Eating for the sake of eating is bad for health

The tendency to eat without the natural urge to eat increases glucose level in blood to dangerous levels, warns a joint study carried out by American and Dutch scholars from Cornell University and University of Groningen. The scholars enlisted 45 undergraduate students and asked them to rate their level of hunger and then take a carbohydrate rich meal. Their blood glucose levels were assessed at regular intervals after the meal. They found that participants who were hungry before the meal had lower blood glucose levels after the meal compared to those who ate despite not feeling hungry. The researchers noted that blood glucose levels tend to rise after carbohydrate intake and can damage cells if one eats without the natural urge to eat. The study was published in the Journal of the Association for Consumer Research. Read more here.

Socially active elders sleep better

Elders who are regularly involved in community programmes are more likely to sleep soundly, research suggests. Researchers from University of Missouri and University of Chicago examined a previous study which recorded social involvement of older adults and its impact on their sleep patterns and rhythms between 2005 and 2011. The researchers found that those who were active in their community, attended religious ceremonies, did volunteer work and attended meetings regularly recorded better actigraphic sleep. Actigraphy is a non-invasive method of monitoring human rest and activity cycles. For it users have to wear an actimetery sensor so their movements can be recorded continually. Sleep related issues are very common in old age and lack of good sleep is often seen as a warning sign for serious chronic illnesses and even death. The study will appear in the journal Social Science and Medicine. Read more here.

Normal delivery and breastfeeding builds child’s immunity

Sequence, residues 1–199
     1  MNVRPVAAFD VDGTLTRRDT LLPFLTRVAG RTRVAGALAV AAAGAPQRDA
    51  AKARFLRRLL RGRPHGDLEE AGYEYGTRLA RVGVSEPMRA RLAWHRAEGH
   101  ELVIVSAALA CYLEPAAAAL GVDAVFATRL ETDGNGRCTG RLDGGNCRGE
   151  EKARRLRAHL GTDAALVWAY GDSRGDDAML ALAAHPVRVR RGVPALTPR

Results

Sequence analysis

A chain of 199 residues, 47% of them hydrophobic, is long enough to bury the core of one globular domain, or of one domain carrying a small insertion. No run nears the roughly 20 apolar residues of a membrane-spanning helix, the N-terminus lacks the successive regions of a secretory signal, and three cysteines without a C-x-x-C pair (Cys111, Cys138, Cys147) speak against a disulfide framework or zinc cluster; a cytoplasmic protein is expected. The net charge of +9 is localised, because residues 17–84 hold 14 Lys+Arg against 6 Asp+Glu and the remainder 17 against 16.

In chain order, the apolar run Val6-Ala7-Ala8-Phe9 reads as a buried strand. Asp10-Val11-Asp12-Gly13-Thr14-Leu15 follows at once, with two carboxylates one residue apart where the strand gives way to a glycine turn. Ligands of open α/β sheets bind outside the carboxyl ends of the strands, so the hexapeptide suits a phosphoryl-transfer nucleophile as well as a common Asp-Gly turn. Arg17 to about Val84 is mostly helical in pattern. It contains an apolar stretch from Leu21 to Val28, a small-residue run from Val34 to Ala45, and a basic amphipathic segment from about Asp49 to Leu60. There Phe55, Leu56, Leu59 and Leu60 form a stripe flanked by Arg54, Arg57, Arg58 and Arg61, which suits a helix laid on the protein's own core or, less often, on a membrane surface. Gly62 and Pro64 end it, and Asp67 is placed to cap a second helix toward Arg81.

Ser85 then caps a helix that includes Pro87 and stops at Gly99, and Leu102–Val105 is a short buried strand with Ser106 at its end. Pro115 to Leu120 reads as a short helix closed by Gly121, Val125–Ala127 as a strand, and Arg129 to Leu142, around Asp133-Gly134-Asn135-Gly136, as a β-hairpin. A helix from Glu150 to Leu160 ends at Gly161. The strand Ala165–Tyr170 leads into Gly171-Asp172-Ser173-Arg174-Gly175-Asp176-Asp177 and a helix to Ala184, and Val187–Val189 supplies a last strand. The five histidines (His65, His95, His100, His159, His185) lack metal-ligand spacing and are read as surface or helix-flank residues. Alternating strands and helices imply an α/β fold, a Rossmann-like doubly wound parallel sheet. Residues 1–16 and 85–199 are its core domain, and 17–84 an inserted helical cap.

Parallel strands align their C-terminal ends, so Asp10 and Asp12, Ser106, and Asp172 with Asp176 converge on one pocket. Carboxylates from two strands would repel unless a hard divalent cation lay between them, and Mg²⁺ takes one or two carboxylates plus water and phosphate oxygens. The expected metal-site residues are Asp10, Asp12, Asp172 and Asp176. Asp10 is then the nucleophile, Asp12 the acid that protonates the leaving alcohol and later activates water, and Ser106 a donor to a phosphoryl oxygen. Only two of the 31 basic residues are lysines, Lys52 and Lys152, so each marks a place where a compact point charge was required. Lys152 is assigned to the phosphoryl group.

Normal delivery and breastfeeding is good for baby’s health in later years, shows study. Researchers from Case Western Reserve University School of Medicine in Ohio found that breast feeding and normal delivery encourages healthy transfer of gut microbes from mother to infant which is crucial for the child’s immunity and would protect them from diseases such as asthma, obesity and neurological disorders when they grow up. “A mother’s womb is not sterile. This means that not only do we have to consider the microbiome of the child but also that of the mother," said lead researcher Sharon B. Meropol. The study appeared in the journal Birth Defects Research. Read more here.

Smokers more likely to be prescribed antibiotics

Doctors tend to prescribe more antibiotics to smokers than those who don’t smoke, study suggests. Overuse of antibiotics makes bacteria resistant to them over time rendering the drugs less effective. The researchers examined data gathered from 8,307 doctor visits between 2006 and 2010 by smokers and non-smokers for various infections. Half of the visits for infections were given antibiotics, but compared to non-smokers, smokers were 20% more likely to get an antibiotic prescription. Those who had infection related to lungs the chances of getting an antibiotic was 30% higher. Though the study doesn’t say why smokers are more likely to get antibiotics, one of the researchers pointed out it may be because a lot of doctors tend to believe that people who smoke are more susceptible to infections. The study was published in the American Journal of Preventive Medicine. Read more here.:

Compiled by Abhijit Ahaskar